Tom Hayden and I spoke and corresponded a good deal during the last year of his life about the 2016 presidential race. The great radical thinker and doer, who has died too young at age 76, understood the dynamics of a race that has seen wounds he sought to heal not just reopened but rubbed raw.
Hayden took seriously the threat posed by Donald Trump and Trumpism. He was old enough to have confronted McCarthyism, racism, sexism and anti-immigrant hysteria in all their awful incarnations during the 1960s, ’70s, ’80s, ’90s, the 2000s and 2010s. He had succeeded sufficiently to maintain a faith in what he described as “rare moments when hope and history rhyme.”
Yet his experience as a civil-rights activist, voting-rights activist, antiwar activist, anti-corporate activist, environmental activist, and political leader (state assemblyman, state senator, gubernatorial candidate, US Senate candidate) told him that those moments do not come by chance. They are forged in the crucibles of campaigns and movements. And they demand an honest assessment of dishonest politicians and disconcerting times.
Hayden knew enough to be unsettled by what the 2016 campaign was exposing about America’s ongoing capacity for political cruelty. Yet, he was not simplistic or resigned in his response to that cruelty. Raised in a Detroit-area Catholic church that was led by Father Charles Coughlin, a nationally-known “radio priest” whose preaching anticipated the crudest populism of the current moment, his first rebellions were against those who would use economic instability do divide workers along lines of religion and ethnicity.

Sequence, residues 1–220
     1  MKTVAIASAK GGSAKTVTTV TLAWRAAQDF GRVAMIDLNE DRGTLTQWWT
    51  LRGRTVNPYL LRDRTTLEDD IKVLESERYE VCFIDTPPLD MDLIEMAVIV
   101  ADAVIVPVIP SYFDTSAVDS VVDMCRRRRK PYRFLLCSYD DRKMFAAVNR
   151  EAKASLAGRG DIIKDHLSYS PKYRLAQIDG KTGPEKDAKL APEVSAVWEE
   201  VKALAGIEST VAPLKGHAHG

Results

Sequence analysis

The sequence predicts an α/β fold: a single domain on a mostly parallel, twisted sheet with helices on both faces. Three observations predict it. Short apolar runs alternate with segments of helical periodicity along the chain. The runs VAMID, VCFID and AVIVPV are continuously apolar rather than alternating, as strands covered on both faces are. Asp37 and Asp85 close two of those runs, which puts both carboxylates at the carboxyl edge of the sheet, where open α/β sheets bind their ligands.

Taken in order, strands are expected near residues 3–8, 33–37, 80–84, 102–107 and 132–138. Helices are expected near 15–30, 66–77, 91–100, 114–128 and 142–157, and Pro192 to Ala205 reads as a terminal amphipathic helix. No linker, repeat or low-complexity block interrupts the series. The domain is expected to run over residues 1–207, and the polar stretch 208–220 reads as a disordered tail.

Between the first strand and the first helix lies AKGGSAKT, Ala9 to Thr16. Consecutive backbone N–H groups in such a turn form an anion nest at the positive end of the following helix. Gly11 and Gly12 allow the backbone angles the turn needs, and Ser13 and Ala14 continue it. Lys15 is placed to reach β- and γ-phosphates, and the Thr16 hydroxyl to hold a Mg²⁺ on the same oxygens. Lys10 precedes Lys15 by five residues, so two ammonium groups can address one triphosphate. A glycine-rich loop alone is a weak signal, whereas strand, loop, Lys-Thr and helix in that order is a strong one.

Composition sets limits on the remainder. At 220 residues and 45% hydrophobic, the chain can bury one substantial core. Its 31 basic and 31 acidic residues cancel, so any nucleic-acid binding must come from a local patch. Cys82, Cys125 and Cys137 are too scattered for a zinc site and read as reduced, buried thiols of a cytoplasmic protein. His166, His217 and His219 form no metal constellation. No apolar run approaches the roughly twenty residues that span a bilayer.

Hayden’s lifetime was devoted to challenging the dogmas of the right, and the false populism of conservative politicians who would exploit global uncertainty for domestic gain. As the primary author of the Port Huron Statement, Hayden reflected on how “discontented, super-patriotic groups would emerge through political channels and explain their ultra-conservatism as the best means of Victory over Communism.” And he explained how this politics “becomes an umbrella by which to protest liberalism, internationalism, welfarism, the active civil rights and labor movements.”
Hayden was offended not just by the rhetoric of right-wing politicians and parties but by the political exploitation of human beings he believed to be “infinitely precious and possessed of unfulfilled capacities for reason, freedom, and love.”
“We oppose the depersonalization that reduces human beings to the status of things—if anything, the brutalities of the twentieth century teach that means and ends are intimately related, that vague appeals to ‘posterity’ cannot justify the mutilations of the present,” Hayden and his comrades declared in 1962. “We oppose, too, the doctrine of human incompetence because it rests essentially on the modern fact that men have been ‘competently’ manipulated into incompetence—we see little reason why men cannot meet with increasing skill the complexities and responsibilities of their situation, if society is organized not for minority, but for majority, participation in decision-making.”